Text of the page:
Anthony Pearce attends the christening of Azamara’s third ship in Southampton, the first modern cruise vessel to be entirely refurbished by a British shipyard
Azamara Club Cruises officially launched its third ship Azamara Pursuit during a naming ceremony
in Southampton last month. A firework display lit up the South Coast city ahead of a short sailing to Cherbourg, France, joined by travel agents and cruise media from both sides of the Atlantic.
The ship, which previously sailed under P&O Cruises as Adonia, was sold to the cruise line in March
2018, marking the first time rivals Carnival Corporation or Royal Caribbean have purchased from each other. Larry Pimentel, the company’s CEO and president, described the event as a “special moment in the brand’s history”.
Pursuit joins Quest and Journey in the fleet, meaning that Azamara now owns three of the eight ships (numbers six, seven and eight) built for Renaissance Cruises, the now defunct cruise line founded in 1989 by Fearnley and Eger Rederi. Oceania Cruises owns four, while Princess Cruises owns the remaining ship. With a capacity of 777 guests, Pursuit is slightly larger than Journey and Quest (696 guests).
Adonia was a firm favourite under P&O Cruises, and Azamara will hope Pursuit finds similar levels of support from its guests. The vessel, which also sailed under Swan Hellenic and Princess Cruises, made history when, operating under Carnival’s ‘social enterprise’ brand Fathom, it became the first ship to sail from the US to Cuba in half a century.
Pimentel said its introduction allows the company to explore new regions (Journey, for example, will now sail to French Polynesia and Hawaii for the first time), and allow greater ‘destination immersion’ – the cornerstone of the line’s offering, which Pimentel describes as “connecting guests to local culture”. In essence, it means more overnight stays and later departures than other cruise lines.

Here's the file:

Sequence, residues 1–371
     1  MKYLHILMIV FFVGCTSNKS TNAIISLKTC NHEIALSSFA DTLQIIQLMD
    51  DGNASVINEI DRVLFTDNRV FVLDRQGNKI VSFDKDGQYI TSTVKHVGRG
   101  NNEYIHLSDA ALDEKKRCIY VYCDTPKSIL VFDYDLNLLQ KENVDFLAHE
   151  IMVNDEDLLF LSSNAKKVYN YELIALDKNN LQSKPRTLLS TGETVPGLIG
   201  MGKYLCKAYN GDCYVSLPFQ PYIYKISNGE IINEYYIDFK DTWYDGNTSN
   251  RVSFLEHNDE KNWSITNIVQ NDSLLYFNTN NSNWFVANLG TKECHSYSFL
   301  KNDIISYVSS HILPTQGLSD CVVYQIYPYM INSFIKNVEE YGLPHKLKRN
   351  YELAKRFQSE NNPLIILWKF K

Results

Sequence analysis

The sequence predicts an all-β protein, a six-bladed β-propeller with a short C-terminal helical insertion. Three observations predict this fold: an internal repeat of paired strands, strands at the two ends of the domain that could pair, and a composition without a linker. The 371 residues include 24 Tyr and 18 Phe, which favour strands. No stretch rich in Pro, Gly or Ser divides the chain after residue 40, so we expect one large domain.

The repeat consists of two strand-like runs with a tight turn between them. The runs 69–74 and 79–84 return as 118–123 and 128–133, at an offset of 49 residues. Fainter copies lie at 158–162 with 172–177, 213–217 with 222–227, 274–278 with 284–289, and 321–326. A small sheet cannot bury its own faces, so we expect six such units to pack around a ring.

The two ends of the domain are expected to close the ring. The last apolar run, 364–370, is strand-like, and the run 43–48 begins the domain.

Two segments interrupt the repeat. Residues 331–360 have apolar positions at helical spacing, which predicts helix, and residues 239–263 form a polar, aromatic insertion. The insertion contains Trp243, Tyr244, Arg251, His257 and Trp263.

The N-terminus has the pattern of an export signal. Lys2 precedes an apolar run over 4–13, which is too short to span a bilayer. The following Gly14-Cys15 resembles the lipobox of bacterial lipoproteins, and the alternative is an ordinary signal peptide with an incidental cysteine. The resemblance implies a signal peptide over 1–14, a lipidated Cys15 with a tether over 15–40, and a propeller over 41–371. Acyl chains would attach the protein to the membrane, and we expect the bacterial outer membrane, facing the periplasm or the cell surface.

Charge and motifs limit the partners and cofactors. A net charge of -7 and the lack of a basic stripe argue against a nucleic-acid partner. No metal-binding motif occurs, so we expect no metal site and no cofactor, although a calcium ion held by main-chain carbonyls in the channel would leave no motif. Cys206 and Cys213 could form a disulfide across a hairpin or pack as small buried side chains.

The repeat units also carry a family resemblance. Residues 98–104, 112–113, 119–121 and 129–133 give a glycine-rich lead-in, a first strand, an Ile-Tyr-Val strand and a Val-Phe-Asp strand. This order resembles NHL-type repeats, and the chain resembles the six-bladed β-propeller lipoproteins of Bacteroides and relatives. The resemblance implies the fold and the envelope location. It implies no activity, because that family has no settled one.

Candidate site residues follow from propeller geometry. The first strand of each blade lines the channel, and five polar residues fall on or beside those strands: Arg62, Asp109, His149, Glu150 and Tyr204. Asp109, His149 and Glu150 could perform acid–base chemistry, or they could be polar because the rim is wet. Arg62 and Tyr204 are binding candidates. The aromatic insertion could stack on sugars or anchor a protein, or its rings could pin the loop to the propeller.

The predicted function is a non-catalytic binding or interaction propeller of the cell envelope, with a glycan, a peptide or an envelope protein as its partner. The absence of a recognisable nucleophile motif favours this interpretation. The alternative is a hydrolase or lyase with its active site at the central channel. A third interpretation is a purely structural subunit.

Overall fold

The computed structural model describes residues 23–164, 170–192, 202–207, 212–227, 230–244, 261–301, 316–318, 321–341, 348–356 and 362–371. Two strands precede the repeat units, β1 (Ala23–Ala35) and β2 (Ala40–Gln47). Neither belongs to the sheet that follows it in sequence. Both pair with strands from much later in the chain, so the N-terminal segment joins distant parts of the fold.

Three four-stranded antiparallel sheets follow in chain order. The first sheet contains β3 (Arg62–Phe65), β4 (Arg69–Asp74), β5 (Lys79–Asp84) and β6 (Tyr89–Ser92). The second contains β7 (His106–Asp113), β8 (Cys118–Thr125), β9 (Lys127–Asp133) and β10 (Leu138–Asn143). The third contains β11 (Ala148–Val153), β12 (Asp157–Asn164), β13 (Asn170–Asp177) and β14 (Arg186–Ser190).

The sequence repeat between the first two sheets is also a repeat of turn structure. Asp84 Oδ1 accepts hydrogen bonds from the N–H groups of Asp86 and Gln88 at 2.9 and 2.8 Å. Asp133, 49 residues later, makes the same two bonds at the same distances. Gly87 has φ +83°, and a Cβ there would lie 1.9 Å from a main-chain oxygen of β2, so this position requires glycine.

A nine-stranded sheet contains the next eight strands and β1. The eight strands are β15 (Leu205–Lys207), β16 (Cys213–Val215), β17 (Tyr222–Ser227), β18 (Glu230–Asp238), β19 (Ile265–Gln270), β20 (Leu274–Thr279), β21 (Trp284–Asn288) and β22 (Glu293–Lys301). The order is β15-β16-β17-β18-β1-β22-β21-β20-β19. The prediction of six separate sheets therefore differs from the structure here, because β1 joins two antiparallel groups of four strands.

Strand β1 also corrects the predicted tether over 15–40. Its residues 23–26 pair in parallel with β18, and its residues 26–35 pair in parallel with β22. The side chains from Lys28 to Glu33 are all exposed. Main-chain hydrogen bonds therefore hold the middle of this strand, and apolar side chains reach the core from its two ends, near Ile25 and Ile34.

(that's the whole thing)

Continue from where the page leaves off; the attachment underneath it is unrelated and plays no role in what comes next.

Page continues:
Pursuit will call at 73 destinations, including 15 maiden ports, such as Agadir, Morocco; Antofagasta, Chile; Fowey, United Kingdom; Lima, Peru; Maceió, Brazil; Seyðisfjörður, Iceland and Spetses, Greece. It will also sail the Beagle Channel, and itineraries will include 63 overnight stays and 73 late nights.
The ship will also explore Ireland, Scotland and, in 2020, South Africa, running 10-day cruises from Cape Town, Pimentel said. He added that the line will extend its pre-and-post offering, and will look to run rail and cruise itineraries in partnership with Belmond and Rocky Mountaineer, other tours with Cox & Kings, as well target the golf and cruise market.
Refitted in Belfast by the MJM Group at Harland and Wolff shipyard by 650 staff to the sum of £50m, Pursuit this year became the first modern cruise ship to be entirely refurbished in Britain. The ship has been fitted out in the colour palette – creams, mahoganies and greys – and similar furnishing of Quest and Journey, but retains some features that will be familiar to those who sailed on Adonia; for example, Azamara has kept the Golden Era-style grand stairway and much of the layout remains the same. A new area called The Den, which at one point contained a casino, features the elegant Spirits Bar and a piano. The ship also boasts impressive new ‘spa suites’.
Pimentel said that, currently, 20 per cent of its guests are first-time cruisers, which he puts down to ‘destination immersion’ and the fact that the line tends to sail from one region to another, rather than repeat itineraries, meaning guests can combine cruises.
Carol Cabezas, COO, added that Brits feel a strong connection to the ship, given its past incarnations, and currently account for half of all bookings (across the fleet, this usually stands at about 25 per cent). while Pimentel said that travel agent bookings are up 21 per cent.